10 Follow Up Mistakes that are Costing you Sales

By | Category: CRM, Direct Mail, Internet Marketing, Lead Story, Marketing, Mindset, Online Marketing, Sales, Strategic Planning

Sales Follow up

Sales Follow up

You want to grow your company, you want more clients and more sales, but chances are you suck at follow-up. You’re not the only one. 95% of the businesses I work with have little to no follow-up systems in place and often, if they do have some semblance of a system, they fail to implement. This means that you have leads that have been ignored and left to your competitors.

Here are the top 10 mistakes you are probably making with your follow-up. Implementing these will easily increase your sales and profits:

1. Don’t have a highly effective, consistent, multi-step system for follow up, do it haphazardly or when they get a chance. They need to a plan for follow up for each entry point that a prospect comes into their marketing funnel (for example: trade show, call in, internet lead, etc.) and develop the pigheaded discipline to implement.

2. Give up too soon. Statistics show that 80% of sales are made on the fifth to twelfth contact so you need to stay in front of your prospect and keep following up.

3. Not personalized. Make sure you inject your personality and some personal details that you have learned about your prospect into your follow up pieces. If you are using an auto responder, write it like you are talking to one person so they will feel like you wrote it to them.

4. No strategic objectives. Before creating your follow up strategy and pieces, establish your strategic objectives overall and for each piece. Do you want to develop rapport, establish expertise, build social proof, etc…?

5. Too much about their company or product vs. their prospect’s wants, needs, pain points and desire. Don’t tell me about your product or company, tell me how it can help me, the prospect.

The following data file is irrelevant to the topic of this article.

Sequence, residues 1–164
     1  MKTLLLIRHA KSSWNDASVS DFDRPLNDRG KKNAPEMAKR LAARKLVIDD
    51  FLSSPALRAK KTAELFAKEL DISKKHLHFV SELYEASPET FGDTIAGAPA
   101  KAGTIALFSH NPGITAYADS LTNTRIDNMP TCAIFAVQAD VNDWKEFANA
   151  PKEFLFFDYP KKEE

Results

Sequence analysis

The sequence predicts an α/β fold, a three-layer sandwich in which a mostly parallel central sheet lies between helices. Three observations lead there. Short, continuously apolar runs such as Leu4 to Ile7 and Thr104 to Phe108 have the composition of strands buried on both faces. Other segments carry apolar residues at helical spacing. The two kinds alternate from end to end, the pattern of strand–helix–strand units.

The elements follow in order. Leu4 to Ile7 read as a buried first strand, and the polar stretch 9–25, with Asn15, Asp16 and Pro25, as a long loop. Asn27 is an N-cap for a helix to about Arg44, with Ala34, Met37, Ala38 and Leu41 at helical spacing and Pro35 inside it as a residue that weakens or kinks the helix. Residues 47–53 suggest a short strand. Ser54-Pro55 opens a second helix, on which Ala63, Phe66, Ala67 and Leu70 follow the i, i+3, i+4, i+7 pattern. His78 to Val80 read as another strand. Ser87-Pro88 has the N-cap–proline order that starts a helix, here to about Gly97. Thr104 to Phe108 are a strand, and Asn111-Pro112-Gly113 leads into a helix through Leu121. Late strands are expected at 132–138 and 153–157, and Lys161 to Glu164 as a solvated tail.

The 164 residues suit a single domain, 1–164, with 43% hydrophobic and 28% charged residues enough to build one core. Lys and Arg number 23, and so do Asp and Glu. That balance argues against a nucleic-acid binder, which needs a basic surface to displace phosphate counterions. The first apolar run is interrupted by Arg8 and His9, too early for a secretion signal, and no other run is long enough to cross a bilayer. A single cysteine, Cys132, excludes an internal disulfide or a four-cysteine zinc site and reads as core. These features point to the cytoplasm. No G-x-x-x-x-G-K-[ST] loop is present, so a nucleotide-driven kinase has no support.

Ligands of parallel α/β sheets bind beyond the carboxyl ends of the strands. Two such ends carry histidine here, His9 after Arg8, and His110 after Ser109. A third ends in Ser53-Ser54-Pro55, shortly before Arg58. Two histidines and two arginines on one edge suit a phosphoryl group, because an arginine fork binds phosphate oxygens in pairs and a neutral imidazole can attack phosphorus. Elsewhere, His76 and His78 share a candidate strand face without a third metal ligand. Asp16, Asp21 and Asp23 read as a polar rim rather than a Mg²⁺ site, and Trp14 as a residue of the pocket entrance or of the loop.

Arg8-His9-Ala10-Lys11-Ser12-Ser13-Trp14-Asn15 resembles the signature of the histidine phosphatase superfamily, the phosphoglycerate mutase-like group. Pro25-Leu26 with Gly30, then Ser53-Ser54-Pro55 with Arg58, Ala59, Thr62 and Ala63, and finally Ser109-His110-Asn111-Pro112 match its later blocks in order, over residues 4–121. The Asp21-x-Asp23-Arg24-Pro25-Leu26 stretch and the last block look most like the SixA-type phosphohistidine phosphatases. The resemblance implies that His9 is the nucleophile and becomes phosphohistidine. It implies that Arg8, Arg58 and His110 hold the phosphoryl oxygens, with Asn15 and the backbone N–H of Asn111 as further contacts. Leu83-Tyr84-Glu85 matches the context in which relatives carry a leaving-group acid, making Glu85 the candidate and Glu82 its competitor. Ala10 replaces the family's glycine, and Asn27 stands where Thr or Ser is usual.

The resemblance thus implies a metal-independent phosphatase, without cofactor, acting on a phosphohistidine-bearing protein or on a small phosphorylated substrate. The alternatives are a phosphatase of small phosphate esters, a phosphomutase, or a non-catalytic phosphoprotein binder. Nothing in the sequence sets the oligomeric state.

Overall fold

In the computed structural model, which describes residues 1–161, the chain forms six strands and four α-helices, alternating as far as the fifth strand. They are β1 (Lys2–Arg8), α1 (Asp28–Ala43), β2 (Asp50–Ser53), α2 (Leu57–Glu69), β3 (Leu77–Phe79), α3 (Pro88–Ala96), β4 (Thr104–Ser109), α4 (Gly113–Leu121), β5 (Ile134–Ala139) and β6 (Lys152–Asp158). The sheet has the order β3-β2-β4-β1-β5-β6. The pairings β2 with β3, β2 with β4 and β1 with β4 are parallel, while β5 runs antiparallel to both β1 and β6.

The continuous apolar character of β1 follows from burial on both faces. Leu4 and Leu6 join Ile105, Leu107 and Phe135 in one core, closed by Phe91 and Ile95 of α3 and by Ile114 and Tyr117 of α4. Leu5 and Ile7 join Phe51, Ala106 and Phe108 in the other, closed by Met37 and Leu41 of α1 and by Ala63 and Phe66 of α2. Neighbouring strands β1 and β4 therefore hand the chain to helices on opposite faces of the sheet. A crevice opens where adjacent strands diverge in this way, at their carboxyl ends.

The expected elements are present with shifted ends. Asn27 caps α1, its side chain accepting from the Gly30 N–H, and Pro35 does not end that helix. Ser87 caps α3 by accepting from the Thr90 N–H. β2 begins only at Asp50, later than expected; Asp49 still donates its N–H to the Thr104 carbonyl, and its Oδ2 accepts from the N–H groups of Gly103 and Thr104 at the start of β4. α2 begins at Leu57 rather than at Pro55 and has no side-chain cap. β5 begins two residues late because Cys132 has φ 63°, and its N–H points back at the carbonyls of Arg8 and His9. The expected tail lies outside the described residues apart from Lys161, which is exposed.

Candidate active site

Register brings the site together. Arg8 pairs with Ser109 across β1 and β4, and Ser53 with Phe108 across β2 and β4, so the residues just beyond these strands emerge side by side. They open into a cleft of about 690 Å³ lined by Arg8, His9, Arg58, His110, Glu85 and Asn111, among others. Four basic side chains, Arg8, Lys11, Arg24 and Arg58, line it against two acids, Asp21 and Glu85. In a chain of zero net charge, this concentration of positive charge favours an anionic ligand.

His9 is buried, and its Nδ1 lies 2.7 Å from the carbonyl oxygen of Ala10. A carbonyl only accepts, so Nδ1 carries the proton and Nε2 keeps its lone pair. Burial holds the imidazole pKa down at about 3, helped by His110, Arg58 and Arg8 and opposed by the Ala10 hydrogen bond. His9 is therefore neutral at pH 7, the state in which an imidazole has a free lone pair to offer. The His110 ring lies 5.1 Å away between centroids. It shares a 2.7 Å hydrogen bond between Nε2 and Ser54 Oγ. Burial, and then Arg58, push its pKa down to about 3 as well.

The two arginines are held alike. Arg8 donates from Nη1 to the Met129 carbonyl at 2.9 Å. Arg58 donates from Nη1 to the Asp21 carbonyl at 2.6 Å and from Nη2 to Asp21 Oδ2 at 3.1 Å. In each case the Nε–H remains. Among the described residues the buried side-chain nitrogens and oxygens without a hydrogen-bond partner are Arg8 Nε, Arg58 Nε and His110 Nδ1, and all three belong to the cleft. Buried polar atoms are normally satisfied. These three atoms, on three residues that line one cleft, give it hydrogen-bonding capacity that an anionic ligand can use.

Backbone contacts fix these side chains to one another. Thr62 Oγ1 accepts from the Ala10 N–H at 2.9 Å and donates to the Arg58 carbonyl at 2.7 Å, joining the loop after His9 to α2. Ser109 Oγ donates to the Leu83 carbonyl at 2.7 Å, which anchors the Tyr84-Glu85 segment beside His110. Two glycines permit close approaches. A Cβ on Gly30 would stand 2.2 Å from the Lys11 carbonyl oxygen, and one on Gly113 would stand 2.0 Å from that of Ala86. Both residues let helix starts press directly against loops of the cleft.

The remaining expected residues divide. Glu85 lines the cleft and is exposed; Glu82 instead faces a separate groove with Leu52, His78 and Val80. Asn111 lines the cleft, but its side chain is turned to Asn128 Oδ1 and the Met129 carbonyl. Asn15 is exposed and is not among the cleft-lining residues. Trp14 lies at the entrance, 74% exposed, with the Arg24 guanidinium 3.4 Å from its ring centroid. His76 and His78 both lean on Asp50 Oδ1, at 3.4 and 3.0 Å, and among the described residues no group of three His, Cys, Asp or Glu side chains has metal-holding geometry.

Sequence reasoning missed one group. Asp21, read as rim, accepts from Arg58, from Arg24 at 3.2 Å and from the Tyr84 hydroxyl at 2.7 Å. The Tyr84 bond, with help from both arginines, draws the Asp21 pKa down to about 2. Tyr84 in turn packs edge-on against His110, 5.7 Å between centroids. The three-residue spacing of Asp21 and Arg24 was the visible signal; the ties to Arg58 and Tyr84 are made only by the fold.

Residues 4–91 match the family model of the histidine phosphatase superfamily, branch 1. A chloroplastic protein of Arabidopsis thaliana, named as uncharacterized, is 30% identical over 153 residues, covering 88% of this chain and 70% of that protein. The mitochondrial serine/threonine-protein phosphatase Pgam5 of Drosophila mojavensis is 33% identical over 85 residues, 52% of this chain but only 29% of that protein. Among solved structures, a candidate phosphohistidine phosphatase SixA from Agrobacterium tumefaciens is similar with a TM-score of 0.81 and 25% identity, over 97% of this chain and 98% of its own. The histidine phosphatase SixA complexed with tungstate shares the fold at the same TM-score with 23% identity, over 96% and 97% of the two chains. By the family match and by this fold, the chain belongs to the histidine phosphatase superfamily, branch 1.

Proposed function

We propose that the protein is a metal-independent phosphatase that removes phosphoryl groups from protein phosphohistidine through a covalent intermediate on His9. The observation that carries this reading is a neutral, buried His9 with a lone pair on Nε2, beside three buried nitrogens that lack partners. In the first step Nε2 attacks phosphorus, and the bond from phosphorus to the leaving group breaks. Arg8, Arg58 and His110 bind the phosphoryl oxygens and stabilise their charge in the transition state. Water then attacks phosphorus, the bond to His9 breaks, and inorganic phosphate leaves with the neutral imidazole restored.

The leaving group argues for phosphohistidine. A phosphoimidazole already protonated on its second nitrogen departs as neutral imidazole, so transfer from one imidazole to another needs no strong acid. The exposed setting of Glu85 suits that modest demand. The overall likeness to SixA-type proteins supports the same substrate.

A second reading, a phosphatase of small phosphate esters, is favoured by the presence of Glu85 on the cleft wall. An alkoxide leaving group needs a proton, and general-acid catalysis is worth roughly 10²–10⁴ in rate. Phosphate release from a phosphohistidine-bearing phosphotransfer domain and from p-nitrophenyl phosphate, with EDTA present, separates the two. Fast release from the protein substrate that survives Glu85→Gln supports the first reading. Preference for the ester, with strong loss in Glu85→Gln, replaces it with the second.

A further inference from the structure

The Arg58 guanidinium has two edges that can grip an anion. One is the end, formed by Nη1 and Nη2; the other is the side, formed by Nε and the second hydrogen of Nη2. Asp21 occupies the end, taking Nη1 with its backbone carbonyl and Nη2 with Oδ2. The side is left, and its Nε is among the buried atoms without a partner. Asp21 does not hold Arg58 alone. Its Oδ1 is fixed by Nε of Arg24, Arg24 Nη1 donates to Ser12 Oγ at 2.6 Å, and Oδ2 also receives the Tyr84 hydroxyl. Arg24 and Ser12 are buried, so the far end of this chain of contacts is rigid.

6. No call to action. Give the prospect a next step to take. It doesn’t need to be to purchase something it could be an article for them to read or an online video for them to watch.

7. Doing your follow up the way you see other companies in your industry doing it. Be a resource for your prospect; give them information of value that they can use, even if they don’t buy from you. Be original, have fun and make it interesting so they want to open it and read it. One of my clients just closed a major account and when his staff asked the client why they chose their company, the new client said it was because of the consistent creative follow up that made him see that an alternative was available to his current provider.

8. Using only one type of follow up. Mix it up use phone, email, social media, video, direct mail.

9. Stop after the prospect becomes a client. Just like marriage experts tell you to date your spouse you should continue to “date” your client and deepen your rapport and relationship by sending them fun things and inviting them to events.

10. Not tracking your implementation and results and modifying follow up systems once you see which things are the most successful.

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  1. Great article Stacey. You’ve just gotten a Twitter follower in me. Your points are spot on, and I really like #9, continuing to date your client. How true. I often send prospects follow-ups in video mail. It’s personal. They see and hear me. And they know it isn’t a mass message or auto responder. It’s free to do and since I keep my video messages under 30 seconds it is also faster than typing an email.

  2. Hi Alan,
    Thanks for the nice feedback. I love video! It is so important to mix the media so that your prospect or client doesn’t get tired of hearing from you and offer something of value. I think video is great for this, for me it is easier than typing too. Although I think you guys have it easier you don’t have to worry about bad hair days!

    If you want to see a fun one check out the mustache one I did recently,

    I look forward to getting to know you and your company better on Twitter.

  3. Stacey, great post. I totally agree with the “giving up too soon” issue. Sometimes people I’ve connected with over four years ago buy today. Staying “top of mind” so that when they are really ready is the key.

  4. Thanks Melanie,that is fun when that happens. If you don’t give up then you have more in your pipeline that will eventually buy or even refer you business in the future. When it feels like it is taking too long I remind my clients (and sometimes myself) that it took Chet Holmes years to get a joint venture with Jay Abraham and even longer, over 13 years, to work with Tony Robbins but persistence pays off.

  5. Great points Stacey. There is value in the follow up and these are simple yes effective points that are easy to implement that will surely add to any bottom line. I really like #6. You need to let them know that they can take action. You need more than a “how’s it going”

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